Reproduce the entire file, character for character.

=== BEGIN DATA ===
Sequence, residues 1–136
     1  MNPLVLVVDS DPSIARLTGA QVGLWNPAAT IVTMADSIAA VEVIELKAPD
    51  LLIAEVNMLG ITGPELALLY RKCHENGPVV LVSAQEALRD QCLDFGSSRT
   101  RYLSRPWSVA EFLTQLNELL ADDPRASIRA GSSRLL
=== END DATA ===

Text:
Sequence, residues 1–136
     1  MNPLVLVVDS DPSIARLTGA QVGLWNPAAT IVTMADSIAA VEVIELKAPD
    51  LLIAEVNMLG ITGPELALLY RKCHENGPVV LVSAQEALRD QCLDFGSSRT
   101  RYLSRPWSVA EFLTQLNELL ADDPRASIRA GSSRLL